Aliyah Parsons at the CANR Undergraduate Research Symposium
Aliyah Parsons shares research on ways to lower the amount of ammonia found in poultry houses to limit damage.

Volunteer extraordinaire

May 26, 2021 Written by Monica Moriak | Photo by Monica Moriak

Graduating senior Aliyah Parsons reflects on her time at UD

As she prepares to graduate University of Delaware College of Agriculture and Natural Resources (CANR) senior Aliyah Parsons reflects on her time in Newark. While the next stage of her education takes her away to veterinary school, the Woodbury, New Jersey native is grateful for lessons learned from and relationships forged with CANR faculty and students. The pre-veterinary medicine and animal biosciences double major made the most of her time on campus, serving as an Ag Ambassador, Allen Scholar, veterinary technician at a local animal hospital and mentor to elementary students and incoming freshman.

Aliyah Parsons served as an Ag Ambassador among many other roles outside of the classroom.
Aliyah Parsons served as an Ag Ambassador among many other roles outside of the classroom.

Q. What was your favorite UD course and why?

Parsons: My favorite course was Functional Anatomy of Domestic Animals (ANFS240). The format of this class really enhanced my learning. The lecture was the first 50 minutes of class; then we had hands on experience to apply what we learned. I loved being able to dissect the cadavers. This course was hands-on the entire semester, which is crucial to learning the anatomy structures and systems taught in class. Even though I took this class freshman year, I utilized the lab manual and knowledge I gained throughout all of my animal science courses as well as in my job as a veterinary technician.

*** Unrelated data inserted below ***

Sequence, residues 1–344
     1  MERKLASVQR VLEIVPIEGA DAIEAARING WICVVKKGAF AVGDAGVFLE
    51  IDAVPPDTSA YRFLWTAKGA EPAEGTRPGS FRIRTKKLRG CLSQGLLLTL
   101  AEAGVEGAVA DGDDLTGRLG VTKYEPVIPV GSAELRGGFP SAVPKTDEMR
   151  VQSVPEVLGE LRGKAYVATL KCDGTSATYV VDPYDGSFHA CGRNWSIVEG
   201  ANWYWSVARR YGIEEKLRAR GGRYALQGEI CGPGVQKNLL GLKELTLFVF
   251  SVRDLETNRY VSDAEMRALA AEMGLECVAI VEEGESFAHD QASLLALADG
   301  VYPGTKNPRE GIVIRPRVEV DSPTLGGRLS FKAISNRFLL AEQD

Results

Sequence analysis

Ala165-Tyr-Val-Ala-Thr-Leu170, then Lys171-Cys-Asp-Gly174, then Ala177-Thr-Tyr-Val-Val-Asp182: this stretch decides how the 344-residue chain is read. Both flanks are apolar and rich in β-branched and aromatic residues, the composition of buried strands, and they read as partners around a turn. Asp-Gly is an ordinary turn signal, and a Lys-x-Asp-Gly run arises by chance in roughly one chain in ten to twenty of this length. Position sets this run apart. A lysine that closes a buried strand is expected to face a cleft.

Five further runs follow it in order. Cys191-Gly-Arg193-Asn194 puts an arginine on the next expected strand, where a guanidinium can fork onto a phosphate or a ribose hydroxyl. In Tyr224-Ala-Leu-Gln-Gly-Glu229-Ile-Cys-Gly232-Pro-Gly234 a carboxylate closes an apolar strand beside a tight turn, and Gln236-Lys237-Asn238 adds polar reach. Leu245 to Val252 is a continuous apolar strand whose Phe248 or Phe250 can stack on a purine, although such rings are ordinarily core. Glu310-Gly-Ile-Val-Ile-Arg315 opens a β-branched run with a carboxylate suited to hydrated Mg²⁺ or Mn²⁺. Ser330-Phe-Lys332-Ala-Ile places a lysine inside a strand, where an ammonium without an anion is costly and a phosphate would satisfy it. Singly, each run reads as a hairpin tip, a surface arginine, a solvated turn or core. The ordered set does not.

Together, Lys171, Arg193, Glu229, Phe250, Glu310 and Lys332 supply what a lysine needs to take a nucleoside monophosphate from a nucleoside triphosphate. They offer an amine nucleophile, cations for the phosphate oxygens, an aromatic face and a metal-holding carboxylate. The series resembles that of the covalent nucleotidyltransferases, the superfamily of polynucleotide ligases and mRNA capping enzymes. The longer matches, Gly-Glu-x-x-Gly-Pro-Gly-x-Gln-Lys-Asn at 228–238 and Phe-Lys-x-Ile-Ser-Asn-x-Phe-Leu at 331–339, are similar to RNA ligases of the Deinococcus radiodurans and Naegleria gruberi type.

Q: Outside of class, what other activities did you participate in and how did they enhance your time at UD?

Parsons: I am a mentor for two organizations, Creative Mentoring for local elementary students and Each One Reach One for first year African American students at UD. I also volunteer for the AgCelerate program participating in the wetland cleanup project and during Ag Day. I am on the executive board of the Cultural Programming Advisory Board, an Ag Ambassador, a research assistant and a veterinary assistant. Having these various roles taught me to manage time and develop responsibility. Each role made my four years at UD much better because I was not only giving back to my community, but many opportunities were opened to me.

Q: What advice would you share with your freshman self about the next four years?

Parsons: Manage your time wisely. Time management is a key skill to develop, taking time to plan ahead has allowed me to be successful with my rigorous coursework and numerous extracurricular activities. Secondly, start early. The semester is surprisingly short, you are learning new information every day which accumulates fast. Creating a schedule with exam and assignment due dates gives you enough time to plan how long an assignment will need and prioritize when to start. Finally, have fun and enjoy free time. Although we are at school to learn, we still need to prioritize mental health. Coursework can be overwhelming or stressful, but taking time to go outside, listen to music, or hang out with friends to detach yourself from doing work is better for your mental health.